Wilco is giving this album away for free. Maybe it's the guilt of making ardent fans of the respected Chicago art-rock outfit fork out for their 77-track "odds and sods" collection Alpha Mike Foxtrot from last year.

Or the four-year wait it's been for their ninth studio album.

Yes, there was a solo-ish album, Sukierae, from frontman Jeff Tweedy last year too. But maybe the rush to market is all part of the spirit of the record - bash it out, next!

It certainly sounds like one of the loosest, loudest, least fussed-over Wilco studio albums in a while and all the more exciting for it


There's no extended odysseys like the seven and 12 minute tracks that bookended 2011's The Whole Love.

Lyrically Tweedy sounds like he's keeping it simple and direct, having maybe mined the personal stuff on the Sukierae album.

Star Wars - good name, think it will catch on? - comes with just 11 tracks, many barely scraping past three minutes while, EKG, the short blast of an instrumental at the beginning sounds like a spontaneous blast of Sonic Youthish guitar skronk to get themselves and their amps warmed up in the studio.

What follows is largely a Wilco rock'n'roll record, one which leans in some familiar directions - the swooning Beatlesque melodies of More ... and Taste the Ceiling are there, so is the ambling acoustic Americana folk-rock beginning of Where Do I Begin, before it heads off into a psychedelic side road.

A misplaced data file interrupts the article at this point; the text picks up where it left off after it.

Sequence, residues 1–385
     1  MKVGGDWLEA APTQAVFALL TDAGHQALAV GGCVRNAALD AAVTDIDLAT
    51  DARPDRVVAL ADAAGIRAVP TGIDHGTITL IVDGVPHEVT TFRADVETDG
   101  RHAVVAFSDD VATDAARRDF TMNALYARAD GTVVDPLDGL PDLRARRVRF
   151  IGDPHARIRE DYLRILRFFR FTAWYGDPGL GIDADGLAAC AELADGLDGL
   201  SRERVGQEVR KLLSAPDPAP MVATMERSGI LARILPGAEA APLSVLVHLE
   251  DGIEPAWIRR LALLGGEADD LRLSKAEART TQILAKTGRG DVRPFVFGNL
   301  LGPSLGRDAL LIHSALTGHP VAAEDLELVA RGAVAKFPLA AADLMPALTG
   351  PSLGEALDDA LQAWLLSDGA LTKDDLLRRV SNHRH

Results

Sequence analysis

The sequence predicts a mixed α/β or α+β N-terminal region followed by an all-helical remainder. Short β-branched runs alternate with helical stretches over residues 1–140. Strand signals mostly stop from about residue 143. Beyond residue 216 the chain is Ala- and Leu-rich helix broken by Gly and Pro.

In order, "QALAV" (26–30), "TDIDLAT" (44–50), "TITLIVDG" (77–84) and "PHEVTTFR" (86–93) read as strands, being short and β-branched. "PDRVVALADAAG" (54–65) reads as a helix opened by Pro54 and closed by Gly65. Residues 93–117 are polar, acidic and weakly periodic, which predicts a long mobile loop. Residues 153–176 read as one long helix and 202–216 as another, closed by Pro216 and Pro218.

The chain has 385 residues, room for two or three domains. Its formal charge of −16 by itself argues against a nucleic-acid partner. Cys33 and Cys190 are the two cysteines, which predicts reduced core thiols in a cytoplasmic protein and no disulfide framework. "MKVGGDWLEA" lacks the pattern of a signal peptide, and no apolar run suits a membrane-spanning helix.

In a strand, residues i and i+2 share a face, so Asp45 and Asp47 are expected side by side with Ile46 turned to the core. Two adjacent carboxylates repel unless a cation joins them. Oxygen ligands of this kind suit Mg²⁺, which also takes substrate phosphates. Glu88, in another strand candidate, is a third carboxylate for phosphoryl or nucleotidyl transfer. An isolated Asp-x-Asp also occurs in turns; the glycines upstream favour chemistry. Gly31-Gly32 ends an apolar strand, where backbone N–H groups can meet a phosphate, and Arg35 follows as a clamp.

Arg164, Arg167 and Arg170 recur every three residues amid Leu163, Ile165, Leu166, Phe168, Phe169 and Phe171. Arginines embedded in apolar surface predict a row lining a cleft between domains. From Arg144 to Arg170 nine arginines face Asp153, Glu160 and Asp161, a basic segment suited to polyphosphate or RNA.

And there's some of the freak-out fun they applied to pivotal 2002 album Yankee Hotel Foxtrot - just as the final chorus of More ... is about to turn into a Hey Jude, guitarist Nels Cline takes a welding torch to proceedings. Elsewhere, there's something decidedly New York to the some of this - The Joke Explained rumbles forth sounding like Lou Reed in a good mood; both Cold Slope and King of You come powered by the sort of wiry riffs and hypnotic throb that powered the likes of Television while Pickled Ginger roars off like in a cloud of Ramones-strength fuzz.

Though Star Wars isn't totally a return to conventional songs: You Satellite is a swirling Velvet Underground meets Tomorrow Never Knows number which achieves lift-off on the back of drummer Glenn Kotche's snowballing rhythms.

It's songs like those that remind of Wilco's enduring strengths: How they can flick the switch between avant-garde over-achievers and garage band at will. Star Wars offers plenty more evidence of what makes them a very special kind of band.

And a generous one too.




Star Wars




The force is strong with this one.

- TimeOut